And here is my letter in support:

City Council members and other concerned parties:

I am adding my voice to Glenn Bridger's regarding the City's total disregard of our community's concern about the on-going and now expanded blight caused by utility poles, wires and transformers in the Hillsdale Town Center.

Why indeed doesn't the city council show the same commitment to streetscape aesthetics in Town Centers that it does in places like the Pearl and other parts of downtown?

At the very time we are asking the City to underground utilities around the new Watershed Senior Housing project (at an estimated cost of $60,000 on a $10 million project), the City has permitted MORE utility poles on our already blighted streetscape.

I urge the council to undo this travesty and to proceed with undergrounding around the new Watershed project.

Tuesday, November 21, 2006

Well-meaning, but flawed "Visioning"

Yesterday I attended an orientation meeting for 40 brave volunteers who will sort through 15,000 visions for the city’s future. I’ll be one of the readers. Talk about eye strain.

It’s all part of the mayor’s city-wide visioning effort, called visionPDX. The vision responses came from a canvassing effort over the summer. The whole process will culminate in a report and an implementation plan in April.

As the “visioning” has rolled out, I’ve expressed concerns about visionPDX despite its noble intent.

Yesterday’s session didn’t allay them.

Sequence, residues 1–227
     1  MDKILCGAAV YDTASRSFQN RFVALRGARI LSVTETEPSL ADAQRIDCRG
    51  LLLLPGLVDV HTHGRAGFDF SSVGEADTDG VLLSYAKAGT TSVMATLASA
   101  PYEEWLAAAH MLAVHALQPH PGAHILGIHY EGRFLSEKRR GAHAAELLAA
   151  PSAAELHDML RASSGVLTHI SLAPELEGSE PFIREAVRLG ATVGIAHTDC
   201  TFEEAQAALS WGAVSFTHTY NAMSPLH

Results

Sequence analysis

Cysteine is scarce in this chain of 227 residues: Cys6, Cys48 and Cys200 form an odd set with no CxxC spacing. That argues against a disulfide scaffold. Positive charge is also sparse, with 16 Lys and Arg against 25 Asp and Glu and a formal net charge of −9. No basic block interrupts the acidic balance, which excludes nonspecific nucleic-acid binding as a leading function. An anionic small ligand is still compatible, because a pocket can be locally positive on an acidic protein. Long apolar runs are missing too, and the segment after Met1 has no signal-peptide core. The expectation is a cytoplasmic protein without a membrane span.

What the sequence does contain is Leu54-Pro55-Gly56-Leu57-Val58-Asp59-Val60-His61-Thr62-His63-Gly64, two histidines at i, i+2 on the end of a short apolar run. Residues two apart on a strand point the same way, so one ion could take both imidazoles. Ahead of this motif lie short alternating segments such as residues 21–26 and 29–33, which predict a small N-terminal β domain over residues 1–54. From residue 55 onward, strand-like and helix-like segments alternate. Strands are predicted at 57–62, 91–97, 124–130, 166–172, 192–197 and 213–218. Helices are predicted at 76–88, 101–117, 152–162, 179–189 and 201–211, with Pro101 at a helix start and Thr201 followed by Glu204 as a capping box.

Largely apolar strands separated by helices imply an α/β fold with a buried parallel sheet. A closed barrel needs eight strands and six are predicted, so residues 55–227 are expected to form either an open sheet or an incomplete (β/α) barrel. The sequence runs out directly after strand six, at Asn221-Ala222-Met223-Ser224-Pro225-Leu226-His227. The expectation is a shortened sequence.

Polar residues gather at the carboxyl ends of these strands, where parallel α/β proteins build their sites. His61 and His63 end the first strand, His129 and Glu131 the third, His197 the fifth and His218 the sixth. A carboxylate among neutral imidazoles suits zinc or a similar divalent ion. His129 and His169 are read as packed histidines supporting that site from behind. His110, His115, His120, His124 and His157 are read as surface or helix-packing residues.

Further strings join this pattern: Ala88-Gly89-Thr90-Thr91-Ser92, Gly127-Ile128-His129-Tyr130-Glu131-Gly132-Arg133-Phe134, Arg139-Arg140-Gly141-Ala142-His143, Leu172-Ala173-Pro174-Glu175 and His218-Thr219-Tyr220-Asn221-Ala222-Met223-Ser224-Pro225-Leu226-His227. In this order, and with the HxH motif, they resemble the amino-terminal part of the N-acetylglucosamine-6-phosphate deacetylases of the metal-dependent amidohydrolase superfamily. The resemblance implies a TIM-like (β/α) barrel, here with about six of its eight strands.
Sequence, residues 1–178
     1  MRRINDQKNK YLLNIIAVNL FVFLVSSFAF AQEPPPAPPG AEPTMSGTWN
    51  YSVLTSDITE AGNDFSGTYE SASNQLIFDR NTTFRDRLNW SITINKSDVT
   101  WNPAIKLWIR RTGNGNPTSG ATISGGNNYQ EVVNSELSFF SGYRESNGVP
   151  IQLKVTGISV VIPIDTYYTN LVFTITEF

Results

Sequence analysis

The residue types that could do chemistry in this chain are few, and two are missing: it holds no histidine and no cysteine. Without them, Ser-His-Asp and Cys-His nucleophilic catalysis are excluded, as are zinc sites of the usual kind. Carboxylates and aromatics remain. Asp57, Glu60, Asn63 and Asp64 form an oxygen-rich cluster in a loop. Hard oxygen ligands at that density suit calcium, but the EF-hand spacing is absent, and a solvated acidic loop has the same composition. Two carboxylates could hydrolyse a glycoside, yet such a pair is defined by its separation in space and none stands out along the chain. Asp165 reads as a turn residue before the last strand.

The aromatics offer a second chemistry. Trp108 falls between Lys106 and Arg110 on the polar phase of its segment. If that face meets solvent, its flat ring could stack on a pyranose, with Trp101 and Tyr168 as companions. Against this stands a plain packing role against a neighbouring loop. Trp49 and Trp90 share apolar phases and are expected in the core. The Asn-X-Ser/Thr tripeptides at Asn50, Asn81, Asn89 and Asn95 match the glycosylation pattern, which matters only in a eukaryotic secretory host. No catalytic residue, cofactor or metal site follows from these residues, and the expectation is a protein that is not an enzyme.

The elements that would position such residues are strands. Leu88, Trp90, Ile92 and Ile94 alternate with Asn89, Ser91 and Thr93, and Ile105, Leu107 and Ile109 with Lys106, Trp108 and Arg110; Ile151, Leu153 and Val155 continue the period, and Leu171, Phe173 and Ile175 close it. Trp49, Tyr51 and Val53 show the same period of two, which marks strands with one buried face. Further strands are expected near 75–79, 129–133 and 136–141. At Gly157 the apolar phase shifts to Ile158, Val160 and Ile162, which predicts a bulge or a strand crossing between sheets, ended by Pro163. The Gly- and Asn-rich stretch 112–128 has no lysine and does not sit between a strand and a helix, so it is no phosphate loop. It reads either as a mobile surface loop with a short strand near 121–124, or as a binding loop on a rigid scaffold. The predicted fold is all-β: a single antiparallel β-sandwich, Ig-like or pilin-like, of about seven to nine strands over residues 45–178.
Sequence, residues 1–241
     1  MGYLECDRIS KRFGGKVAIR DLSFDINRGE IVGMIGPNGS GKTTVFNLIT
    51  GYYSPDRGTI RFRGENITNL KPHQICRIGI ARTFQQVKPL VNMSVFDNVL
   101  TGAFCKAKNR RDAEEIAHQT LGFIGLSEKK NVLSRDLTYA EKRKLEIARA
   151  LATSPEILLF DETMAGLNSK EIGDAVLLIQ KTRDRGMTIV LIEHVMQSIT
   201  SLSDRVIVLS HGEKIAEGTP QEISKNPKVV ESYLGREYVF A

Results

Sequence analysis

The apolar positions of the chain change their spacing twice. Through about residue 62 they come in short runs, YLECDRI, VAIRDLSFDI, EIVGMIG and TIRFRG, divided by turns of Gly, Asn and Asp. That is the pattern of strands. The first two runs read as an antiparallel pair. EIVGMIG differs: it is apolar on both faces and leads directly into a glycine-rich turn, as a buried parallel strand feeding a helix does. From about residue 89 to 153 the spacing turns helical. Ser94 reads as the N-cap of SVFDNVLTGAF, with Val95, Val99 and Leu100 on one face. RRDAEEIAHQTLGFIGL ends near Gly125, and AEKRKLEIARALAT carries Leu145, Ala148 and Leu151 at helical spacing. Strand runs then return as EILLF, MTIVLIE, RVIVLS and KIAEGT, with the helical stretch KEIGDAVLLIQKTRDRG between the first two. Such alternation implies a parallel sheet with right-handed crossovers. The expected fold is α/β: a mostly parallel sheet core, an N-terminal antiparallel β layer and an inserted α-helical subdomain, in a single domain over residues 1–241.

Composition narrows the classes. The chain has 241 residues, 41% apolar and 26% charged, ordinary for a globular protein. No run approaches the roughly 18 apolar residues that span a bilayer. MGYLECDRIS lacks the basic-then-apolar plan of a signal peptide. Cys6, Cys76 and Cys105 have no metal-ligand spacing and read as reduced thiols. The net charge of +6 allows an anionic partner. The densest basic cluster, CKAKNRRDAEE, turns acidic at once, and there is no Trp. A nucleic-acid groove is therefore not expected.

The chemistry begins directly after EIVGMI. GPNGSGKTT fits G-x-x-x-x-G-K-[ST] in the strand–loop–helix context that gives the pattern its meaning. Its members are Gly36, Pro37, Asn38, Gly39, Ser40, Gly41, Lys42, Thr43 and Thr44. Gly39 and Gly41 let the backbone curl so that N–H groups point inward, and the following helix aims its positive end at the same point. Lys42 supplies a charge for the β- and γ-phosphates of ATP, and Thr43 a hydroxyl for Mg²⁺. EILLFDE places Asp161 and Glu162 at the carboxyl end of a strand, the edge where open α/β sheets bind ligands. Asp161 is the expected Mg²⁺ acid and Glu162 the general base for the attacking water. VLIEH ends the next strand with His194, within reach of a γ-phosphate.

The problem with visions is that they are creatures of the present but speculate on a future we can’t know. Imagine how New Yorkers might have changed "visionNYC" responses post 9/11. Or consider the radically altered "visionNew Orleans" post-Katrina.

Couldn’t happen here? Think earthquake, influenza epidemic or volcanic eruption. Or the mere fact that we may continue to grow in population much faster than anyone imagined a mere 10 years ago.

That doesn’t mean we shouldn't have visions, but we need to temper them with the knowledge that events may force us to radically change them.

Another concern is that visionPDX is exclusively associated with Portland city government. For better or worse, we are “governed” by at least four other local entities: the school district, Metro, the county and TriMet. Those governments will be asked to endorse the final visionPDX report. Expect a luke-warm response, at best. Relations between at least a couple of these governments are strained already.

To get buy-in, the other four should have been invited to share in the visioning from the outset. Of couse the real solution is consolidated governance…

That touches on my third and last concern, visionPDX’s relationship to charter revision.

The whole visioning effort needs to be coordinated with charter revision, another commendable Potter initiative. Simply put, “vision” preceeds “revision.”

The commission working on revising Portland’s system of government must create a structure capable of implementing the vision plan. For starters, how many should sit on a new City Council? The commission is already toying with low numbers, like seven versus the current five. I believe that to engage an invigorated citizenry, that number needs to be much larger. Fifteen anyone? 21?

But what do I know? Indeed, what can anyone know until we see what visionPDX produces?